|Gavin O'Reilly and his missus|
Who would be a journalist these days, much less a newspaper editor? The top man at the VO was on the BBC’s ‘Hearts and Minds’ last night, talking at the speed of a greyhound on acid. Yes, he explained, the VO figures were down over the past five years but they were up from twenty-five years ago. When Noel Thompson asked how the online version of the paper was doing, the VO’s chief bottle-washer did a verbal bob and weave and said that, um, it was grand, they were going to be looking at it and maybe doing a wee bit of adjusting, sort of. Or words to that effect. Translation: bloody awful and we're wracking our brains for a solution. In the background I’ll swear I heard the Kingston Trio with their old hit It Takes a Worried Man to Sing a Worried Song.
But the VO is by no means alone. The H & M discussion sprang from the fact that the Belfast Telegraph has decided to stop producing an afternoon edition. Cue lots of footage of men in caps shouting incomprehensibly in Belfast city centre while punters in slightly posher caps bought papers from them. Like every other paper around, the Bel Tel is bleeding readers like a stuck pig, and though like the VO it has an online edition, it equally can’t figure out how to make money from it.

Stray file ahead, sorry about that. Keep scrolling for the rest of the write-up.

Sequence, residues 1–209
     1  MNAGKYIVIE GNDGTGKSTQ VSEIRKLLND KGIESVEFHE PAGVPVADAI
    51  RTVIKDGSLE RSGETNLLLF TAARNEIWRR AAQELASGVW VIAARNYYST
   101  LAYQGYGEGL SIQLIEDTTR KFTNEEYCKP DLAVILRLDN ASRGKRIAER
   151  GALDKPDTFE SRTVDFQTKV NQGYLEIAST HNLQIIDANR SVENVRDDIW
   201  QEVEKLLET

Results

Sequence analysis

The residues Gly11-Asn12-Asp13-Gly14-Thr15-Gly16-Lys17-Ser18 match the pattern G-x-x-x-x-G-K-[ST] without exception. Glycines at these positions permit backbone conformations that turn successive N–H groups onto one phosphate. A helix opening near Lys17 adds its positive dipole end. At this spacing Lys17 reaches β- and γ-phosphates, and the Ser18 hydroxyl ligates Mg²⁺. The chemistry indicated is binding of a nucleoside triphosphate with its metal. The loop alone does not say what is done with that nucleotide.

At the same time down south, there is much huffing and puffing about the end of another tradition – the O’Reilly family owning the Indo and related papers (including the Bel Tel). Even Enda Kenny got a few words in during a trip abroad, to say the government would be looking at the media ownership situation. There was some talk among politicians of the need to maintain high standards of journalism in Ireland, now Gavin O’Reilly had been ousted and Denis O’Brien with his mate Dermot Desmond were top dogs. A lot of people hate Denis O'Brien and are worried about his media muscle; but then a lot of people hated Sir Tony O'Reilly and his son too.
So you could say it’s as you were down south: one set of obscenely rich Irish moguls gets replaced by another equally rich set. But I’m more optimistic. Not because I believe O’Brien or Desmond are keen to bring a fairer, more balanced presentation of the world to the Irish people than their predecessors. It’s just that nothing – NOTHING – could be worse than the Indo as it existed under the O’Reilly regime. And if you have to ask “Why, what was wrong with it?” I respectfully suggest you take another 500 mg tablet and go back to sleep.